DUBLIN (Reuters) - British Prime Minister Boris Johnson’s Northern Ireland allies on Thursday accused their Irish neighbours of rejecting a reasonable offer and paving the road for a no deal exit from the European Union.
“Mr Coveney’s rejection of a reasonable offer is paving the road for a no deal exit because unionism will not allow Northern Ireland to be trapped at the whim of Dublin or the EU. We will not buy that,” said DUP leader Arlene Foster.
Earlier on Thursday, Ireland’s Foreign Minister Simon Coveney told the Irish parliament that if Britain’s latest proposals for an agreement on leaving the European Union are its final offer then a no-deal Brexit lies ahead.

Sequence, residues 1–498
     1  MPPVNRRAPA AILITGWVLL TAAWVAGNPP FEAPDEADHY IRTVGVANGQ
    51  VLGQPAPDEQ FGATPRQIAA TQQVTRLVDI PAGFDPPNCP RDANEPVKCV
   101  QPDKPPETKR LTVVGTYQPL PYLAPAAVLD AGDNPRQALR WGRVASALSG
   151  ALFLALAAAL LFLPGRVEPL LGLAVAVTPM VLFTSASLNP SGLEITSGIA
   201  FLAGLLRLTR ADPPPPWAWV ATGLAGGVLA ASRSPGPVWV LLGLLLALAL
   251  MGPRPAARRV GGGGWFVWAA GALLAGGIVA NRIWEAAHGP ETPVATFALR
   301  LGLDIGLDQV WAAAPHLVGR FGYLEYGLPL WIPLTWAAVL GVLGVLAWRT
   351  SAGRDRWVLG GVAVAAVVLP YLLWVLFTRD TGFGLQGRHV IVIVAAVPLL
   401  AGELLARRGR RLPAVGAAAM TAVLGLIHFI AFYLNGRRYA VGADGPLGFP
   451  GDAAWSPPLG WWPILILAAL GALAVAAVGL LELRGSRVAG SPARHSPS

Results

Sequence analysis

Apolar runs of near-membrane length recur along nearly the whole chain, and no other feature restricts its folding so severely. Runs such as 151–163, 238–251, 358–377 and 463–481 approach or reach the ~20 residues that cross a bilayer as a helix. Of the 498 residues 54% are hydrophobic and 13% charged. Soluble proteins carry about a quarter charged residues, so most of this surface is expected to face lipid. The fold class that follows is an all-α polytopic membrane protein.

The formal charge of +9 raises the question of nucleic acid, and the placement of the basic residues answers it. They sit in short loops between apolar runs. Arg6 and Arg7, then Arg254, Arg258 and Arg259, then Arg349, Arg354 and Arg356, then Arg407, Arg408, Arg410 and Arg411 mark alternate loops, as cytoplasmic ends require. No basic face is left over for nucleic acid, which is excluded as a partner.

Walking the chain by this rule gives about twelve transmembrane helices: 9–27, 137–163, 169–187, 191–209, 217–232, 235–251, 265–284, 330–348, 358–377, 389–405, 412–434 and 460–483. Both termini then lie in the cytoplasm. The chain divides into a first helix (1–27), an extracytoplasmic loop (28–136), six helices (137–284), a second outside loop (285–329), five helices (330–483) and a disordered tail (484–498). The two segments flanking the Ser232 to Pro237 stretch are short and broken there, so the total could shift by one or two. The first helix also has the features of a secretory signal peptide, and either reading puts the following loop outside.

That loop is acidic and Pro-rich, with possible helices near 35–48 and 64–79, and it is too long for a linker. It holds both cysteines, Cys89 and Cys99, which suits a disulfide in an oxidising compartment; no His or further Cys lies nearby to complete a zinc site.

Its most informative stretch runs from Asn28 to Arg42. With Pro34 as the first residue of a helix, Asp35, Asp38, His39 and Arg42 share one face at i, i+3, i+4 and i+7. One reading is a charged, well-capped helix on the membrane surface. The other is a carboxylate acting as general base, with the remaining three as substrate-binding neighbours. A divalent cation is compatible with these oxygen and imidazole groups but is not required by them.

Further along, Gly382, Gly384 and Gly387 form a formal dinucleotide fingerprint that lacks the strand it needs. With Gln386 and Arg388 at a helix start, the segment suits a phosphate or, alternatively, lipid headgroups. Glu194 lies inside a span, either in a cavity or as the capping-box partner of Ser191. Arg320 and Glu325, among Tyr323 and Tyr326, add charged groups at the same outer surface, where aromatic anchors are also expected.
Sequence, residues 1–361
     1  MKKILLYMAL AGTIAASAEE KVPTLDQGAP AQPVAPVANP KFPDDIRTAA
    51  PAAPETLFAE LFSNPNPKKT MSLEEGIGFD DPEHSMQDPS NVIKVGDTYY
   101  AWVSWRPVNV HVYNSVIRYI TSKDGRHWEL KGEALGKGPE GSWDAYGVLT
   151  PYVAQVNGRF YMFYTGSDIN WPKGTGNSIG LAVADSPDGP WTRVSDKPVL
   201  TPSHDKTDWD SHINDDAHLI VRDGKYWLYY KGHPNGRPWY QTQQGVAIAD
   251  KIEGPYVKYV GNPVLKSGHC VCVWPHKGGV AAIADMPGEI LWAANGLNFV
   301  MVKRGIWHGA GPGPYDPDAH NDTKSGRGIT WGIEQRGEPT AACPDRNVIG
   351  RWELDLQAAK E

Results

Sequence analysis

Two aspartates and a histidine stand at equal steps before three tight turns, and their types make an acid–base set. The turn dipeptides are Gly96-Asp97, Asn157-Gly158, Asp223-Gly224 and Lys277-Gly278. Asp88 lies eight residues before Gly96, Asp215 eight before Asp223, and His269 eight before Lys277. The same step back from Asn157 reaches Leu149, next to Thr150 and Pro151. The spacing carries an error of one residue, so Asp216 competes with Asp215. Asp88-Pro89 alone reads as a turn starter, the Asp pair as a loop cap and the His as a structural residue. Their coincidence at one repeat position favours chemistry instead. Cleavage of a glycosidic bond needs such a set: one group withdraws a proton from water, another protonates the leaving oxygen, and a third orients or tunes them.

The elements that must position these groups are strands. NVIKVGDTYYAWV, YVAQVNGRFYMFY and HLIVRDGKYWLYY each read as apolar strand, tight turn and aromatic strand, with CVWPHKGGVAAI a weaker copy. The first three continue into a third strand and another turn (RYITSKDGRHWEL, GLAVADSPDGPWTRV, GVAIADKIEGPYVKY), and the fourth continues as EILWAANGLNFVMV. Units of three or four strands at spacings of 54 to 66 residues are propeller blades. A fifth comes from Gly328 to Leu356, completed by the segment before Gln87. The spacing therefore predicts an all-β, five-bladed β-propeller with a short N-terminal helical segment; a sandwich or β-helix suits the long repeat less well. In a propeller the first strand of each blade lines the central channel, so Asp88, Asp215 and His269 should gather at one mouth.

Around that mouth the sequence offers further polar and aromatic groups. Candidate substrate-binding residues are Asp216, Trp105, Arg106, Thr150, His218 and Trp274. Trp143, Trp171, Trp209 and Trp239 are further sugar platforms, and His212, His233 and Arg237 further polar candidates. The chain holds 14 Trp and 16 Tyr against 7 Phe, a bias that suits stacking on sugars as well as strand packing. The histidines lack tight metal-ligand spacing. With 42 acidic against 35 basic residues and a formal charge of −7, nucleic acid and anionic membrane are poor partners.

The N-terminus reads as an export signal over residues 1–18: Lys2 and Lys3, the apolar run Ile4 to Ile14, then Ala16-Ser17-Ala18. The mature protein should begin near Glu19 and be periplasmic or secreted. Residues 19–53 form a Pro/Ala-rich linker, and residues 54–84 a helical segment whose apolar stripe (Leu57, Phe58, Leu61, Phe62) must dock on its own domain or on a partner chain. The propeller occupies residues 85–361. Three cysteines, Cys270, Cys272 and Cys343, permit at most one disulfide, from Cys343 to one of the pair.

“The Irish government’s preparedness to dump the consent principle for their country’s expediency is foolish in the extreme and sends a very clear message to unionists,” Foster said.
Irish Prime Minister Leo Varadkar welcomed Britain’s offer to the European Union but said customs arrangements and giving a veto to Northern Ireland’s assembly over any future regulatory divergence from EU rules are a problem.
Britain is due to leave the EU at the end of October but the two sides have not been able to agree the terms of their divorce. The biggest obstacle remains a deep disagreement over how to keep open the seamless border between Ireland and Northern Ireland after Brexit.
Reporting by Graham Fahy; Editing by Chizu Nomiyama